Tropical Cyclone Prediction

Advancing Scientific Understanding

Each year, tropical cyclones present a variety of societal and environmental risks to both marine and coastal regions around the world. Accurately quantifying tropical cyclone hazards is therefore important for saving lives, developing more resilient infrastructure, and minimizing economic losses. To better prepare for tropical cyclone hazards, it is vital to seek the accurate prediction of a tropical cyclone’s formation, its track, the storm’s surface winds, the accompanying storm surge, and its capacity for devastating rainfall.

Substantial progress in the understanding and prediction of tropical cyclones has been achieved in recent decades thanks to significant advances in the scientific understanding of tropical cyclones, high-resolution numerical weather prediction models, and computational resources.  Five-day forecasts of track have particularly improved as global models that resolve the large-scale steering flow have gotten better, but there is still room for track error reduction and providing reliable estimates of forecast uncertainty. On the other hand, certain tropical cyclone prediction problems, such as accurately predicting the one- to seven-day prediction of a storm’s intensity, remains far more challenging and therefore has seen slower advancements. This is because tropical cyclones are multi-scale phenomena strongly tied to the large-scale environment surrounding a storm, the storm’s inner-core dynamics, including convective,  turbulent, and microphysical processes, and the storm’s interactions with the ocean and land surface beneath them.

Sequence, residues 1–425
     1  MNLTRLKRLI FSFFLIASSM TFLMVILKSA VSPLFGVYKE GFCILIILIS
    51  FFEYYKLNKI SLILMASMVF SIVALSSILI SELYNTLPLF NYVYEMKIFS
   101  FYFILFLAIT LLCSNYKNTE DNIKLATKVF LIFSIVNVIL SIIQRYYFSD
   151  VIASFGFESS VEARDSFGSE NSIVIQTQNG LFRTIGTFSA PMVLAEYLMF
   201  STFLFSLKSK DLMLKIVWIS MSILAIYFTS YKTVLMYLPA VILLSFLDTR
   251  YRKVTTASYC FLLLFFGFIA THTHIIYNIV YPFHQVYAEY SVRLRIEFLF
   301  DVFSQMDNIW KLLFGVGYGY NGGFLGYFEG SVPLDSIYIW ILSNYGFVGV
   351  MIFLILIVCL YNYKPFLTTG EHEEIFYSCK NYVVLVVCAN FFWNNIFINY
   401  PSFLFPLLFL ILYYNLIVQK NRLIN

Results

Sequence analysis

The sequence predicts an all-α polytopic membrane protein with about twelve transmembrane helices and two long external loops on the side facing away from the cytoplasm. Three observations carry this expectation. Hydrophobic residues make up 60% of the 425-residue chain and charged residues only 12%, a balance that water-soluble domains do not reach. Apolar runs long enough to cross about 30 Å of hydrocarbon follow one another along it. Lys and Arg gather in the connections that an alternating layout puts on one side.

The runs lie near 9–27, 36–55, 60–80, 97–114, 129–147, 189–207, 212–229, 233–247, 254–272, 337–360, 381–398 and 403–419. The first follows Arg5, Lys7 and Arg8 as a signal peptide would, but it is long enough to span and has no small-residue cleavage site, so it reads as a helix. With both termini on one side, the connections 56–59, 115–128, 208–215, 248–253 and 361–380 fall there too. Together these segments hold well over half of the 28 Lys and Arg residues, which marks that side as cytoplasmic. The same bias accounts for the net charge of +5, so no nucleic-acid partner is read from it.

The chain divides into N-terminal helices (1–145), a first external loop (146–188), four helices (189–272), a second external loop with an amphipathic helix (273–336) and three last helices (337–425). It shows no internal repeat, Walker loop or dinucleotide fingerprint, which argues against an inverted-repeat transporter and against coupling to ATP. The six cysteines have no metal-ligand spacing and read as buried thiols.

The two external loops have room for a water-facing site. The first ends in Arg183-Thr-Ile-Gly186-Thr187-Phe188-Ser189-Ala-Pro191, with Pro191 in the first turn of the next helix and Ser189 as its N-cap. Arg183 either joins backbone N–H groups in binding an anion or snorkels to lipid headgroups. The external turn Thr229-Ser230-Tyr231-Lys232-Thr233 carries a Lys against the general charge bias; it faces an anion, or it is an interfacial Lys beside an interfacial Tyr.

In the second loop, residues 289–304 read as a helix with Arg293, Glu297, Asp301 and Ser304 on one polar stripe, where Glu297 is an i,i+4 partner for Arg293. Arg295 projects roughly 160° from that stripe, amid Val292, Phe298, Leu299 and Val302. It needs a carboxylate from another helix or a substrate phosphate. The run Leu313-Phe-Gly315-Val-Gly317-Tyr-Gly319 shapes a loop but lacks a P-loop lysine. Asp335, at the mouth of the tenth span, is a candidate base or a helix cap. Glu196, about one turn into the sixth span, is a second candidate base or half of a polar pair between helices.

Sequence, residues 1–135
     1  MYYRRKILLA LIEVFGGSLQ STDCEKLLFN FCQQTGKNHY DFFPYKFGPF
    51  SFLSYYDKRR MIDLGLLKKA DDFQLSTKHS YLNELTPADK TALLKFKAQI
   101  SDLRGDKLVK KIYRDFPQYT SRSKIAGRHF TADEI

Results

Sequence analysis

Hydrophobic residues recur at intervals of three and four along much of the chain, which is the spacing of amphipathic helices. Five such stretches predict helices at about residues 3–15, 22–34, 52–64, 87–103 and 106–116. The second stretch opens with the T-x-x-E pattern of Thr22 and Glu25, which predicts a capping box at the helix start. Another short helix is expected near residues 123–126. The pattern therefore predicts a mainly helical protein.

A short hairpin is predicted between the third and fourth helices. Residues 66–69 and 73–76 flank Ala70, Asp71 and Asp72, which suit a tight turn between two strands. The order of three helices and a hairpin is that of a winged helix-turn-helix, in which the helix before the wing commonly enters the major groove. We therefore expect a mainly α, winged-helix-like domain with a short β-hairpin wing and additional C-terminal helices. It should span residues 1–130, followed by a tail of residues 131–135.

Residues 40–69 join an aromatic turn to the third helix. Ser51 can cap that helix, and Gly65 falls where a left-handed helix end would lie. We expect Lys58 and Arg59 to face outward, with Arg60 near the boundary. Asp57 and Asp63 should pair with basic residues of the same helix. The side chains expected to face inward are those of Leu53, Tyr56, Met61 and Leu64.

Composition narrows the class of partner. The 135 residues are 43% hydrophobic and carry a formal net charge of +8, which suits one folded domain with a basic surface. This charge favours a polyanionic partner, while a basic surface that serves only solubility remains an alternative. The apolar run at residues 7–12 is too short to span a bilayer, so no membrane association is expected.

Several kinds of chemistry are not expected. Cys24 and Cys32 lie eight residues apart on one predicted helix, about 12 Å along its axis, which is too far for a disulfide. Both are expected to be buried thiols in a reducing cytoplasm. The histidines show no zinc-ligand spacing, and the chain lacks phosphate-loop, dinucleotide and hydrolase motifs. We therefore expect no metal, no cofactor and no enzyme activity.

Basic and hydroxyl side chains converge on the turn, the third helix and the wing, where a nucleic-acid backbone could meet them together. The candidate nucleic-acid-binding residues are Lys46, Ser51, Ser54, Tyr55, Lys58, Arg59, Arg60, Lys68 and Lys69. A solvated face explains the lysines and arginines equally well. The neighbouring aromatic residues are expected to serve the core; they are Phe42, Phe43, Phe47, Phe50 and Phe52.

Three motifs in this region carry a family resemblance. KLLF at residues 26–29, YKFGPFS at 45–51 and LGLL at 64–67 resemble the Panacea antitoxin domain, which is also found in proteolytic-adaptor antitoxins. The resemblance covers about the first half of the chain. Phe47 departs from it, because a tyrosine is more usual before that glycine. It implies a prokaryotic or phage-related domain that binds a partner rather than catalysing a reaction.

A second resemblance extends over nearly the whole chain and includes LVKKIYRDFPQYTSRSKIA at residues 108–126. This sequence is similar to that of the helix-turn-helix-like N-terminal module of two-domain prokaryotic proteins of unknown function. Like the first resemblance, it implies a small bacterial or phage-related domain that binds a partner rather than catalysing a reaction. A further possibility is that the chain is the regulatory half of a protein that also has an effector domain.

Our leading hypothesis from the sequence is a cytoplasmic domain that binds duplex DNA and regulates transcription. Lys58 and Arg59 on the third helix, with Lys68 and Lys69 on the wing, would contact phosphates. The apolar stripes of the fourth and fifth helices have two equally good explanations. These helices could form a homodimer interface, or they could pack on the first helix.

NSAP conducts scientific research on a wide variety of tropical cyclone problems and the scientists here work in the realms of theory, observations, models, and operational forecast applications. Recent and current research by NSAP scientists falls into following focus areas:

  • Satellite-based methods for the better understanding and prediction of tropical cyclone phenomena, including rapid intensification and concentric eyewalls,
  • Data assimilation and advanced initialization methods in tropical cyclone models, 
  • Numerical weather prediction model post-processing techniques to improve forecasts of tropical cyclone track, intensity, and wind structure,
  • Statistical and machine learning methods for predicting tropical cyclone intensity change,
  • The understanding of tropical cyclone wind impacts on urban and built-up areas for land-falling hurricanes through the use of high-resolution numerical models and large-eddy simulations, and
  • Theoretical and modeling studies on tropical cyclone inner-core dynamics.


Scott Swerdlin

Director, National Security Applications Program